Linked by Thom Holwerda on Tue 7th Jan 2014 23:05 UTC


A Steam Machine is a PC that can do fewer things, and run fewer games, than the system you have in your home right now.

That's the marketing challenge that’s in front of Valve and its partners, and the fact that Valve had a rare CES press conference was interesting, but there were precious few details about what the platform adds to the world of gaming.

The cold and harsh reality is that six of the top ten games on Steam run on Linux/SteamOS - and with Steam having such a huge base of active subscribers, that's a lot of users covered with just those six games. On top of that, there's almost 300 more Linux games on Steam. In the meantime, the PS4 and Xbox One combined have like 10 games, most of which are available on the Xbox 360/PS3 as well, and the remainder are rushed titles nobody gives two rat's asses about.

The Xbox One and PS4 are sold not on what they offer now, but on what they will offer in the future. I see absolutely no reason why Steam Machines ought to be treated any differently.

Reality check: right now, spending $499 on a Steam Machine gets you access to a lot more games and a lot more functionality than the Xbox One and PS4 offer combined. Of course, a Windows PC will offer even more games (not functionality, Linux has that covered just fine) - but that applies just as well to any console.

I've been baffled these past few days about the attitude of the gaming press towards Steam Machines. The gaming press' reviews of the new consoles was full of "just you wait until the actually good games arrive!/new functionality is added, but here's a 9/10 anyway on that promise!", but for some reason, the same sloppy reviewing is not applied to Steam Machines.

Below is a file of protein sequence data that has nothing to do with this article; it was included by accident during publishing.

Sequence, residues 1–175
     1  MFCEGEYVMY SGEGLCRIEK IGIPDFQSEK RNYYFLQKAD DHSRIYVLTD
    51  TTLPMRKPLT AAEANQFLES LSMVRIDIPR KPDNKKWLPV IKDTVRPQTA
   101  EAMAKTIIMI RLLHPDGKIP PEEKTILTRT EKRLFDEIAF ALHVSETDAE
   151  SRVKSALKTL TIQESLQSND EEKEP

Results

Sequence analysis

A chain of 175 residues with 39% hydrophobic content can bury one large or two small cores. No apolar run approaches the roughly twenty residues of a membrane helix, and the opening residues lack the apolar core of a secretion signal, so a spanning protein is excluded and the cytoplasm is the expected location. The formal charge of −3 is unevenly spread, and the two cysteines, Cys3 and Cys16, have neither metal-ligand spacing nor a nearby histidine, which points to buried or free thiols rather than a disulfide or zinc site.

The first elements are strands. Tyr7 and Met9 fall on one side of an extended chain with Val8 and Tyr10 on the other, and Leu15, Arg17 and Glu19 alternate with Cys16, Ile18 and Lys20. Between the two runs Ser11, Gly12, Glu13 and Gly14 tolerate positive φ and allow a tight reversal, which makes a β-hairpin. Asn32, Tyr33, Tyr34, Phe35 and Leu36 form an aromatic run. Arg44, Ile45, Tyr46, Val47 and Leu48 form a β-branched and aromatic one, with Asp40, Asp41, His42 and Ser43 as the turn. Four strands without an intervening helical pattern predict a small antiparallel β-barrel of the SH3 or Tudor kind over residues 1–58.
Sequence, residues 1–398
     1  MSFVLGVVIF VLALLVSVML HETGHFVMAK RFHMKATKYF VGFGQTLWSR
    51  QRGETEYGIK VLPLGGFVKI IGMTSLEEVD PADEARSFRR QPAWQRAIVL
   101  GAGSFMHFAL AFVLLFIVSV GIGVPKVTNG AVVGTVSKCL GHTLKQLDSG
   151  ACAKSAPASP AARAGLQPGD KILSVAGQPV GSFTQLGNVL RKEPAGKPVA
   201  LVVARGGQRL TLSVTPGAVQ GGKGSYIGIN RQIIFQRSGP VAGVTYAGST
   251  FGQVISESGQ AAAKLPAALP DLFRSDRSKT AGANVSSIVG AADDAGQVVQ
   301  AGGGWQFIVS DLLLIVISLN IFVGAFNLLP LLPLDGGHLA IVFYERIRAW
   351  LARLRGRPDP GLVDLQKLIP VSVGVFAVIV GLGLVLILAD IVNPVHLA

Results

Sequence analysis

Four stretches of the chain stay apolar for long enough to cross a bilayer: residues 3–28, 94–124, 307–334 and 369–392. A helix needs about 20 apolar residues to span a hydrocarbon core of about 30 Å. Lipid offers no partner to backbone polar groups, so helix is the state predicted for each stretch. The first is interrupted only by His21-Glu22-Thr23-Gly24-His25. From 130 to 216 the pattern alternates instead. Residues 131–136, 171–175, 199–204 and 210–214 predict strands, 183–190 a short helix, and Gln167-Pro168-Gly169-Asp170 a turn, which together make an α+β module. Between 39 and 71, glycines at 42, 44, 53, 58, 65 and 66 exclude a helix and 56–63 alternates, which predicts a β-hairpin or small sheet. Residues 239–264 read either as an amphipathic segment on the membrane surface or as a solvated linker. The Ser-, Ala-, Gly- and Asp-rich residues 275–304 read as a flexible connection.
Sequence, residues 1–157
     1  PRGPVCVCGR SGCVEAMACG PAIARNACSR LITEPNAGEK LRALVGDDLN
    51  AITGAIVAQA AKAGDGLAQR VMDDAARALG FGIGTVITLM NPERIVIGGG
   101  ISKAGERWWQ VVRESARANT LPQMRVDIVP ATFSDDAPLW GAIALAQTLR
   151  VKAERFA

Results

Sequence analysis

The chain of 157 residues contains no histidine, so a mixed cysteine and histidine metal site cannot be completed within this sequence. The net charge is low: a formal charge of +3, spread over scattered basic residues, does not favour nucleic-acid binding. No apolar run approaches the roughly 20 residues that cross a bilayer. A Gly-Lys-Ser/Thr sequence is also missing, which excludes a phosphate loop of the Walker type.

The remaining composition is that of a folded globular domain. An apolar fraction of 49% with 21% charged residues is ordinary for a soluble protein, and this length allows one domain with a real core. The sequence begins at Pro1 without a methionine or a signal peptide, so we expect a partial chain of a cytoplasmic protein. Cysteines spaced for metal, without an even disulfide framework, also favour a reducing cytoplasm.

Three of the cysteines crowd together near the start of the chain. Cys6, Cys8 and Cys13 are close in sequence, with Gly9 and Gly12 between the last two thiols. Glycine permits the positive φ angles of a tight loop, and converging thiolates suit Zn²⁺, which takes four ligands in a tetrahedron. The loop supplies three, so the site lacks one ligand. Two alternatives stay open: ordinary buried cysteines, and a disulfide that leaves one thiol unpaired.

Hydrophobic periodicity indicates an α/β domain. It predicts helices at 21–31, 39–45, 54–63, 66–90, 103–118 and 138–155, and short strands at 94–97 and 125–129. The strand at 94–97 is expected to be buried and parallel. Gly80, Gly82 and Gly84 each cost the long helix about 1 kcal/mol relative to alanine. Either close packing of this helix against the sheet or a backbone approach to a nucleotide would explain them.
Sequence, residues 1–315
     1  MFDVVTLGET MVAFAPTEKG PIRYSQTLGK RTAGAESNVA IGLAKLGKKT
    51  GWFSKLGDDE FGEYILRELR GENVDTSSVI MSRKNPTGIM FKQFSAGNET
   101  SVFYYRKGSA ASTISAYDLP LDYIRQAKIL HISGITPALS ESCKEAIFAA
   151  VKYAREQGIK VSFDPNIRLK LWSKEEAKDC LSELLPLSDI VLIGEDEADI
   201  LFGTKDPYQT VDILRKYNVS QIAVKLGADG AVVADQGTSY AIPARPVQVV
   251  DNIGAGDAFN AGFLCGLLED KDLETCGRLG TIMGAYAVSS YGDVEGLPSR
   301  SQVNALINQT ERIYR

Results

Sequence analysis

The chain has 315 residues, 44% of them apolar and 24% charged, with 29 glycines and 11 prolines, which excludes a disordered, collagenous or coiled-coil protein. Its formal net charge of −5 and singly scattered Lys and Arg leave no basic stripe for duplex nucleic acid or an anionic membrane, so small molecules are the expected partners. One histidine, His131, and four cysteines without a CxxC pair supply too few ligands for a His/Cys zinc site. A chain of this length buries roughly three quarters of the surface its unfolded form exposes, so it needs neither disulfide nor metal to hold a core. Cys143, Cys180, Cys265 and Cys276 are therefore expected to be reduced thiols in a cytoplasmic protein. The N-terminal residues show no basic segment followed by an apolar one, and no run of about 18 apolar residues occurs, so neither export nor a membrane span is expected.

There's a word for that.

Permalink for comment 580163
To read all comments associated with this story, please click here.
RE: Well ...
by ddc_ on Wed 8th Jan 2014 02:50 UTC in reply to "Well ..."
Member since:

I can buy one of these Steam Machines and have access to a few games on Steam, or I can buy a Windows box running Steam and have access to all of them. So, exactly what problem are these Steam Machines trying to solve, other than the fact that Valve doesn't like the Windows app store horning in on its action?

IMO the comparison between PCs and Steam Boxes is a bit lame. You surely can assemble a Windows PC, and if this is what you want, you are not a person Valve makes Steam Boxes for - they offer you Steam desktop client instead. Steam Boxes are merely a way to play on Steam on a console, if you neither want to do it on your PC, nor want to assemble a DIY media center with gaming capabilities.

The manner of contraposing Steam Boxes to Steam on Windows machines is just plain wrong, as these products are totally complementary and simply target different subgroups within the same target audience. One would argue that contraposing Steam Boxes alone to Xboxes and PSes is also wrong - Steam as whole is a competing product here, not just one of its packaging options.

And I fully agree with Thom about the double standard, which is applied to Valve in this case: Valve is quite long in content delivery industry, it is competing with PS and Xbox for quite some time from its PC client position, and this move only extands the delivery options of Steam client.

P.S.: I'm not a Steam fanboy, neither I have a Steam account, nor Steam client.

Edited 2014-01-08 03:08 UTC

Reply Parent Score: 7